I won’t realize it until months later, but I’m beginning to think differently, the first stages of what I will later half-jokingly call my PTSD: post-traumatic sales disorder. The idea of being rewarded for convincing another human being to change their mind has a psychological edge, and when coupled with a hyperawareness of vocal tone, physicality, and word choice, it dramatically changes your outlook on communication—it jades it.
The Wolfpack begins to sell in earnest, engaging in weekly competitions to track down sales. I become familiar with these kids from Utah. As we grab energy drinks before driving out to new neighborhoods, I hear stories of Mormon life, growing up in a tightly knit community. I sense the tremendous pressure these guys are under — in some ways, there is no failure option for them. Mormonism preps these young men to be fathers, gods in the afterlife, and lays an expectation of perfection that affects every aspect of their life. Part of this is great; there is little wasted time, no bad habits. Along with this is a cultural wall, to act un-Mormon is to risk being ostracized. I hear the guys warn one another about the dangers of dating “ratchets” — non-Mormon girls. Underneath their jesting is a sense of solemnity.
The work is hard, but it becomes fun. I learn about the “ownership principle” from Rick. Use words that imply ownership. If you say “MY company, MY services, MY technicians” when you are selling a product, people will respect you more. And people buy from people they respect. It translates to a new braggadocio on the doors. We bring home stacked contracts like the pelts of a kill.
Summer goes from hot to sweltering. We move south, hunting prospective buyers on the doors in mornings and evenings, when families are likely to be home together. In the hot part of the day, the team rolls en masse to the beach, jumping in the waves and bodysurfing like a pack of dolphins, riding the California breaks to the shore.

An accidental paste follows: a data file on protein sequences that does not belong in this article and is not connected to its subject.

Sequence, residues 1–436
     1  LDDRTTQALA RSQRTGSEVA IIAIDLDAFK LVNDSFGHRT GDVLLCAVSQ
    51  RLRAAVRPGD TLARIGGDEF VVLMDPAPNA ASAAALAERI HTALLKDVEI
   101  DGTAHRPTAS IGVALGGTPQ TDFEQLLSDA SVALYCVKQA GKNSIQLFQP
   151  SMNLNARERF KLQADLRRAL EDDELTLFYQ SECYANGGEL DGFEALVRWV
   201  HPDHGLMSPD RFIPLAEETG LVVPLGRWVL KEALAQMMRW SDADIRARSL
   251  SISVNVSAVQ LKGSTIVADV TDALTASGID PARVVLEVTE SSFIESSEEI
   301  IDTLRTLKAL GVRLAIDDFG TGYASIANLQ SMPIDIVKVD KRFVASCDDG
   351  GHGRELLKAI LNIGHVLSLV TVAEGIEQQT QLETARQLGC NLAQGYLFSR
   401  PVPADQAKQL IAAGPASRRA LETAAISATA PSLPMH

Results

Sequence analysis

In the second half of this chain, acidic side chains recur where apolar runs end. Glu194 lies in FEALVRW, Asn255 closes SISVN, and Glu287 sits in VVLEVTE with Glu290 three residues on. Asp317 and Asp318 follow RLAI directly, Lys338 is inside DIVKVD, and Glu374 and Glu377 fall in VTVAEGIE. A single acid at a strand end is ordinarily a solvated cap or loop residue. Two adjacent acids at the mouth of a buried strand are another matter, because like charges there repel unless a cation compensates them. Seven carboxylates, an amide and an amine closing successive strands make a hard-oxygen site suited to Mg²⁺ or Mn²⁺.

A few of the guys are glassy-eyed, homesick, and beaten up by the difficulty of daily rejection. I notice a few members slipping away to spend more time at the beach. I hear roommates talk about missing life in Provo, how they are returning to school, and how much they miss dating. Eventually a few dreams of summer dollar signs end, and there are empty chairs in the morning meetings.
The Wolfpack is in full swing by mid-July. I find myself liking the guys. They’ve nicknamed me “Gentile John” for my non-Mormon affiliation. I’m proud of the nickname, but my pride is partly hubris. My sales have picked up, and I’ve adapted a few tricks from some of the more seasoned pros. In door-to-door sales, a key technique is to ask for a tour of the customer’s home or backyard to look for “problem areas.” I become an expert at finding the smallest traces of insect life, shaking my head and talking in a low tone as I describe the possible extent of the “infestation,” a carefully chosen word. I demonstrate with my hands, running my fingers through the air like a spider. In training, Rick laughs as he describes how these sorts of tactics unsettle the customer, make them more likely to buy. The theatrics become a major part of my routine. When I find a real spider, I squish it with my pen or clipboard, joking, “That one’s on the house,” before trying to close the deal.
One day I bring home 11 sold accounts, a team record. After that I inherit the swagger of a seasoned salesman, caught up in playing a game, only vaguely aware that I might be turning into something unsavory.
At night the team frequents the skate park, showing off boarding skills honed on the winter slopes of Utah. The lone woman on the team, twentysomething “Kelly,” has stopped hanging out with the guys, and I can’t say I blame her — it is a boy’s club. I get the impression that summer camp is becoming Lord of the Flies; there is a definite camaraderie, but underneath it is a knife’s edge. The Wolfpack has fully evolved into a group of jostling alpha males, accustomed to convincing anyone of anything. It bothers me at times, but I’m caught up in the rush of making money, and summer is almost over.
For a Provo All Star, the summer sales season is the arduous part of a yearlong ritual. Money is made to be spent on cars, lift tickets, snowboard gear, and dates with potential mates. The Wolfpack hunts for a few more weeks, and then the season draws to a close. As the team disperses, dreaming of back-end commission checks, I pack up my car and return to my apartment in Hollywood.